September 2016
Volume 57, Issue 12
Open Access
ARVO Annual Meeting Abstract  |   September 2016
Blood thyroid hormone levels and corneal tomographical, topographical and biomechanical properties
Author Affiliations & Notes
  • Zsuzsa Flaskó
    Department of Ophthalmology, Kenézy Hospital, Debrecen, Hungary
    Department of Ophthalmology, Saarland University Medical Center, Homburg/Saar, Germany
  • Elena Zemova
    Department of Ophthalmology, Saarland University Medical Center, Homburg/Saar, Germany
  • Timo Eppig
    Experimental Ophthalmology, Saarland University, Homburg/Saar, Germany
  • László Módis
    Department of Ophthalmology, Debrecen Medical University Center, Debrecen, Hungary
  • Achim Langenbucher
    Experimental Ophthalmology, Saarland University, Homburg/Saar, Germany
  • Zisis Gatzioufas
    Moorfields Eye Hospital, London, United Kingdom
  • Nóra Szentmáry
    Department of Ophthalmology, Saarland University Medical Center, Homburg/Saar, Germany
    Department of Ophthalmology, Semmelweis University, Budapest, Hungary
  • Berthold Seitz
    Department of Ophthalmology, Saarland University Medical Center, Homburg/Saar, Germany
  • Footnotes
    Commercial Relationships   Zsuzsa Flaskó, None; Elena Zemova, None; Timo Eppig, None; László Módis, None; Achim Langenbucher , None; Zisis Gatzioufas, None; Nóra Szentmáry, None; Berthold Seitz, None
  • Footnotes
    Support  HARVO (Hungarian Association for Research in Vision and Ophthalmology) Travel Grant
Investigative Ophthalmology & Visual Science September 2016, Vol.57, 2396. doi:
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      Zsuzsa Flaskó, Elena Zemova, Timo Eppig, László Módis, Achim Langenbucher, Zisis Gatzioufas, Nóra Szentmáry, Berthold Seitz; Blood thyroid hormone levels and corneal tomographical, topographical and biomechanical properties. Invest. Ophthalmol. Vis. Sci. 2016;57(12):2396.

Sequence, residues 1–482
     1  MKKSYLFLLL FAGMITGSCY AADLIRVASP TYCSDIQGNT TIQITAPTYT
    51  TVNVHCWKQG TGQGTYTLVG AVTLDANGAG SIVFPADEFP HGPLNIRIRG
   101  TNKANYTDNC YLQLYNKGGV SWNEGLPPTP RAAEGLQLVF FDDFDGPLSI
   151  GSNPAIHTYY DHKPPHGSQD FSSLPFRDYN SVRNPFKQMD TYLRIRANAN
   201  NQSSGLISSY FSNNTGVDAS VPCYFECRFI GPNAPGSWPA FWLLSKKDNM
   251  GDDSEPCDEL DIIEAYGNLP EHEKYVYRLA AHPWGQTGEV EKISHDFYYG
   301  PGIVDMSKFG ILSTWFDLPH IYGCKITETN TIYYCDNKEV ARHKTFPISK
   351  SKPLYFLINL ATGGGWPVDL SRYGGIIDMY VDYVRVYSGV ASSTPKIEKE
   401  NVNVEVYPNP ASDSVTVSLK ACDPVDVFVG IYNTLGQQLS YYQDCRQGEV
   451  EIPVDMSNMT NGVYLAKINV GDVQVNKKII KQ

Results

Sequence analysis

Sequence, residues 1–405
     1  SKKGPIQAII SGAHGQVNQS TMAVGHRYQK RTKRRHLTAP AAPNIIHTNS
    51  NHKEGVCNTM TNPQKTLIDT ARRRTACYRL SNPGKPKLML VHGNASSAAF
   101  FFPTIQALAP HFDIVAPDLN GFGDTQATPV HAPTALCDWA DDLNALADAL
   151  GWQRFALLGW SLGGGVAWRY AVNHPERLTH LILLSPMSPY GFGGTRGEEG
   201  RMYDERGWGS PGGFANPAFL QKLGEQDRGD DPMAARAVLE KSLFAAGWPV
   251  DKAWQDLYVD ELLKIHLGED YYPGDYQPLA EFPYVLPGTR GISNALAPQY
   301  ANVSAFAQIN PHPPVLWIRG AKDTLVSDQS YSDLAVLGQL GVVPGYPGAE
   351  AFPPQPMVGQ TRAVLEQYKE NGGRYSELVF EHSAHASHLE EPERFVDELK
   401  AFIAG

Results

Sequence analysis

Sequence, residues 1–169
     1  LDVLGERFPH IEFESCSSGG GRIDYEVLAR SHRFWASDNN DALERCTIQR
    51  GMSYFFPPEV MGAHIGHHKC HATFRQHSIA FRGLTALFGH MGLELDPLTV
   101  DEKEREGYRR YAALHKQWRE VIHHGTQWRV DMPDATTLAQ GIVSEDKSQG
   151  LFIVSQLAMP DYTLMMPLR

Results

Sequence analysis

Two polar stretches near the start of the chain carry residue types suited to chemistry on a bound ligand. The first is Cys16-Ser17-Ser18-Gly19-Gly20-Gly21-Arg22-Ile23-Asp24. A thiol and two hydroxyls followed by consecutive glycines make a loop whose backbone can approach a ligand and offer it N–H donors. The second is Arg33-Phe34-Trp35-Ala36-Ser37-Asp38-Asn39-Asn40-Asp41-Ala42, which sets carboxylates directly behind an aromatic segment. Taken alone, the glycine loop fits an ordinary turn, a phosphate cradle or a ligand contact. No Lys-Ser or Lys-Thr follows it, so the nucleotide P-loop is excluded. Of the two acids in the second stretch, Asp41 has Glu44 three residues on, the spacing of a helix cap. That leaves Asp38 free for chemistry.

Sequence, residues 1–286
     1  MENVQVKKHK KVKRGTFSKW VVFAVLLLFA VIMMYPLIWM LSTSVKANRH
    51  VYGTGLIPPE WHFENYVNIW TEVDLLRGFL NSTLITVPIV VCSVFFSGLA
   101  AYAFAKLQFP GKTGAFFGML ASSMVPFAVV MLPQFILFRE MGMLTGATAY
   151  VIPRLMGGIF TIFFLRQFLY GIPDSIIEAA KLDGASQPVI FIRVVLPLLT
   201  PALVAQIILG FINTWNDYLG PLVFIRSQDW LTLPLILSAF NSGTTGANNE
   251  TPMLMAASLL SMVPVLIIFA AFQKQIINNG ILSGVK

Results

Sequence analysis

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Abstract

Purpose : Hypothyroidism could be associated with keratoconus and may be one of its causing factors. Our aim was to determine the potential impact of blood thyroid hormone levels on corneal topography, tomography and biomechanics.

Methods : 757 eyes (376 left eyes, 500 males) were included in our study. Patients were classified as euthyroid (n=563) or hypothyroid (n=194) based on blood thyroid hormone status (TSH, FT3, FT4). We further subdivided hypothyroid patients in those with (n=122) and without (n=72) medication. Patients were examined using TMS-5 topographer (Tomey, Tennenlohe, Germany)(keratoconus index: KCI; keratoconus severity index: KSI; keratoconus prediction index: KPI), Pentacam HR tomographer (Oculus Optikgeräte GmbH, Wetzlar, Germany)(keratoconus index: KI; central keratoconus index: CKI) and Ocular Response Analyzer (ORA, Reichert Ophthalmic Instruments, Buffalo, NY) (corneal resistance factor: CFR; corneal hysteresis: CH; keratoconus match index: KMI).

Results : Using Mann-Whitney U test, KCI, KSI, KPI of TMS-5 and KI, CKI of Pentacam were significantly lower in hypothyroid patients with medication compared to euthyoids or hypothyroid patients without medication (p<0.001 for all). In addition, KMI, CH and CRF of ORA were significantly greater in hypothyreosis patients with medication compared to euthyroids or hypothyroid patients without medication (p<0.001 for all). Using a generalised linear model, KMI depended on blood FT3 level (p=0.029), however, other parameters of TMS-5, Pentacam or ORA were not affected significantly by blood TSH, FT3 or FT4 levels (p>0.136).

Conclusions : Blood TSH, FT3 and FT4 levels may affect keratoconus specific indices of corneal topography and tomography, and corneal biomechanical properties. Unlike in keratoconus, an abnormally increased KMI index of ORA may be indicative for reduced FT3 blood level and hypothyreosis.

This is an abstract that was submitted for the 2016 ARVO Annual Meeting, held in Seattle, Wash., May 1-5, 2016.

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